Since launching last year, seed-stage VC fund Vice has invested almost exclusively in these categories, which is currently proving to be a success. Vice-backed startups include CBD seller Plant People, which saw a rough 30% increase in mid-March without the use of marketing spend. Similarly, CBD beverage Recess also doubled its e-commerce sales over the past two weeks. Meanwhile Lucy, the nicotine harm reduction platform in Vice’s portfolio, experienced a 50% increase in sales in recent weeks. Those figures are attributed to news of young smokers’ coronavirus mortality rate being higher than non-smokers, thus driving traffic to the site.
DTC alcohol has been slower to take off than other products, but this surge in pandemic can help it change customer habits for good. Winc president Brian Smith tells us how they're going about accelerating it.
Running a new direct to consumer brand is challenging enough, but doing it during pandemic-related economic uncertainty comes with a new set of obstacles. Shapermint, the brand that sells shapewear, generated $150 million in revenue since its 2018 launch with an operation of an international, remote team. The company initially saw some drop in sales, but has pivoted content and marketing quickly to try make the most of the current situation. Modern Retail talked to co-founder and CMO Massimiliano Tirocchi about pivoting to be about "at-home" shapewear, taking advantage of cheaper ad rates, and managing employee burnout.
Despite China seemingly back in action with funding, venture capitalists don't expect a quick restart for U.S. startups. “I really don't see many deals starting and completing during the quarantine."
DTC brands and platforms are passing on revenue from e-commerce as losses from physical sales losses mount. Examples include luxury watch platform Hodinkee, sustainable container brand Corkcicle and clothing rental service Wardrobe, which are using their existing e-commerce backends to help the store locations they sell their products in. This month watch-focused platform Hodinkee opened up its e-commerce platform to allow physical retailers it normally promotes, but are currently shut down for business, as well as watch brands it carries.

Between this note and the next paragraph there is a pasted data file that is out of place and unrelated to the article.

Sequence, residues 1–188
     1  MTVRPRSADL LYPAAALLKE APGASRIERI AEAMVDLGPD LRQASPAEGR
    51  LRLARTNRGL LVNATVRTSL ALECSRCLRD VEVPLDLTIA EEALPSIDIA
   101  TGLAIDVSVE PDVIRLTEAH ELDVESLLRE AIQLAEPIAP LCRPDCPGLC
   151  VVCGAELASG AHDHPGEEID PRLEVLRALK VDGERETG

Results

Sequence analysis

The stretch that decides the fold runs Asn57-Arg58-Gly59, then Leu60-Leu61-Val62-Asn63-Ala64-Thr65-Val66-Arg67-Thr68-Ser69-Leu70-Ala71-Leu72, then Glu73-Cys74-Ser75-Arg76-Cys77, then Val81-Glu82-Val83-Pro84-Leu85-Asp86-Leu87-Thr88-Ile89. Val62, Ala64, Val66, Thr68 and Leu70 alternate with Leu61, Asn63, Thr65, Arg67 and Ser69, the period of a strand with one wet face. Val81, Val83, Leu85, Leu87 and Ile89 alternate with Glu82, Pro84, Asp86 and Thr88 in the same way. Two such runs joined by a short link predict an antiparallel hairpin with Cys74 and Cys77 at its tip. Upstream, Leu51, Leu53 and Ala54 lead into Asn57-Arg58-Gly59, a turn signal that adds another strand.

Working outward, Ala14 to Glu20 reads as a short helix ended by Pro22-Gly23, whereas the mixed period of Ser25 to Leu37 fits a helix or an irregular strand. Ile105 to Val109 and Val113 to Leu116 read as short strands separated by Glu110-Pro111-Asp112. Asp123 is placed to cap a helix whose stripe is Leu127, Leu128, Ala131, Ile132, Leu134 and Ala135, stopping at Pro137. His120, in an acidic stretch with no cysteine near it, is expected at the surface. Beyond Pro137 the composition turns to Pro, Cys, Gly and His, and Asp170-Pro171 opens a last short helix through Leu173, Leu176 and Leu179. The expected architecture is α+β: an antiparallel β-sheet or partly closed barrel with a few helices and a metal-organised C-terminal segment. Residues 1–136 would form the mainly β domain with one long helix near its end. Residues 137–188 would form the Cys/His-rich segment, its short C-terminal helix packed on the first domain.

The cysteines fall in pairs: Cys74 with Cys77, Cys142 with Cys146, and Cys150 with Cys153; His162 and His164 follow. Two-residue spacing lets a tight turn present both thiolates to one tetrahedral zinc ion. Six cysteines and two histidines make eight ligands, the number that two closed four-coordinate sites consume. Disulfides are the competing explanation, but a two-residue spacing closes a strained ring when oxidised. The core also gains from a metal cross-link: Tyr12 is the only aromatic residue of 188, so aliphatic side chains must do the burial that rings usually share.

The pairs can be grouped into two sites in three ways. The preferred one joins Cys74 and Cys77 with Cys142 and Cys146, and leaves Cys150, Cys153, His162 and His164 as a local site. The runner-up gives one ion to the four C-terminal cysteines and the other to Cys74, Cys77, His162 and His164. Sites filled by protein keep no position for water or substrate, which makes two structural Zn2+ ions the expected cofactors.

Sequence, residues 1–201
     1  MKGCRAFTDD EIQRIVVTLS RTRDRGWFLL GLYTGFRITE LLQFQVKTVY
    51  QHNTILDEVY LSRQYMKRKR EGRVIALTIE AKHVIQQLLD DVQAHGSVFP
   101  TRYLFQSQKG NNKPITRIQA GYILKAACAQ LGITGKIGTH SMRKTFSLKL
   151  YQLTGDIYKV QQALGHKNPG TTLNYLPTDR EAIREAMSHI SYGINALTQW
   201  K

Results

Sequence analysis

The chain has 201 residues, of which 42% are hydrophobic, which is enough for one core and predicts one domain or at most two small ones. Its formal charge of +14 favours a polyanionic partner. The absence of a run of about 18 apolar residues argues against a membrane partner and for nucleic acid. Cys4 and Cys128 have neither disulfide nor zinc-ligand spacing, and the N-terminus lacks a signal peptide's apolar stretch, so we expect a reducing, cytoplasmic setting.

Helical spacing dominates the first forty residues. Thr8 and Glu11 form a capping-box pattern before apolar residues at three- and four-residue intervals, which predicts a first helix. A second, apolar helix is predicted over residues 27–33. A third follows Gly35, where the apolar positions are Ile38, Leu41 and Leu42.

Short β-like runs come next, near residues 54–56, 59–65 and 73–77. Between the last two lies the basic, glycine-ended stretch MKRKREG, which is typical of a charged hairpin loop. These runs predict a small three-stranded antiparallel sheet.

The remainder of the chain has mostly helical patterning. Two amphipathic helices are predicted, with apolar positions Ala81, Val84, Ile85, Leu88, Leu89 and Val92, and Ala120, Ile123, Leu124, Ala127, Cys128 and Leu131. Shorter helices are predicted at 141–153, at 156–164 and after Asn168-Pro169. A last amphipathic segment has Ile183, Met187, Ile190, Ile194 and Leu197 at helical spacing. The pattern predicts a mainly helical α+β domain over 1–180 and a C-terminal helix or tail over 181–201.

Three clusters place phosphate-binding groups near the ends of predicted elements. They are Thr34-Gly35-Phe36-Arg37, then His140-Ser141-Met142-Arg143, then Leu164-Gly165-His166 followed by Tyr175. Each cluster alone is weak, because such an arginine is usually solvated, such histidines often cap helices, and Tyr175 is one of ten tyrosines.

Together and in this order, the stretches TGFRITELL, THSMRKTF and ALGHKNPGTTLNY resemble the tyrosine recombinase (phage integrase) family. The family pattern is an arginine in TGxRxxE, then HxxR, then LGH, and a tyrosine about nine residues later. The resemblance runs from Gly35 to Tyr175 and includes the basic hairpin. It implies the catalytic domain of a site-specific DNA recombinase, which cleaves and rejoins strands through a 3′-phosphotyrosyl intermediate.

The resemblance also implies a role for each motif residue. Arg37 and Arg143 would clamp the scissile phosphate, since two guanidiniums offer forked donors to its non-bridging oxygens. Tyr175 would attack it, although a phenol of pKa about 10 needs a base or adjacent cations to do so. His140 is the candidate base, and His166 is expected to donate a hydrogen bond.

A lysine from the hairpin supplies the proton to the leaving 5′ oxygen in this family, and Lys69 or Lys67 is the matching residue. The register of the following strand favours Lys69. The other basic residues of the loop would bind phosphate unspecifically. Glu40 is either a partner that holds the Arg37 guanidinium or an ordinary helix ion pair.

I’m not working today. I have bad anxiety, and have increasingly become more terrified of killing someone’s grandma. I’m not as worried about getting sick myself, so grocery shopping for me has become awful. Even before the strike, I’d been cutting back on work. Thankfully my rent is paid through April, but I’m terrified of falling behind on bills.
Unlike multi-million square foot warehouses, micro centers are typically located in much-smaller spaces within cities, averaging about 10,000 square feet. Examples include platforms like Fabric, which builds automated micro-fulfillment centers for retail clients, with a focus on grocery chains.
People don’t think of co-working spaces as operations for physical products, but all our fulfillment is done out of our office, where we have expensive equipment for custom label printing. Our teammate from California was feeling uncomfortable being in New York and went back home, and I wanted to support him on that. The timing also coincided with our other teammate leaving to have surgery, so now it’s just me, our full time head of engineering and a few part time employees.
With physical fitness facilities deemed non-essential and workout equipment selling out fast, virtual fitness startups are having a moment. Strength-training system Tonal, which launched in 2018 and retails for $2,995, is seeing a surge in sales this month. The wall-mounted weight simulation product is getting a second look from customers searching for exercise activities in confined spaces.
As the medical gear and staffing shortage increases, retail’s efforts toward coronaviruses relief are expanding beyond monetary donations. Since the virus’ outbreak in the U.S., multiple brands have announced plans to quickly offer important aid to those on the front lines of the public health crisis. Companies include direct to consumer players like Allbirds, Clove and Judy, as well as corporations like Apple, Walmart and Gap, among others. Medical gear is depleting fast, which has manufacturers like Honeywell putting factory schedules into overdrive to produce N95 masks. In the meantime, those with existing reservoirs are stepping in to replenish protective equipment and other needs for the healthcare providers who need it most.
DTC brands are going back to their roots by shifting their focus back to e-commerce.
"With everyone staying home, it’s actually been good for the puzzle business."
Radish, Everlywell and Nurx announced their own respective versions of at-home coronavirus tests.
"Landlords have been sympathetic to the retailer brands’ situation during these shutdowns."
"There is always going to be room for companies that understand a customer’s needs and deliver products with value."
Exclusively for Modern Retail+ members: Hear from Colin Darretta, CEO and Founder of Wellpath, on the future of direct to consumer business.Subscribe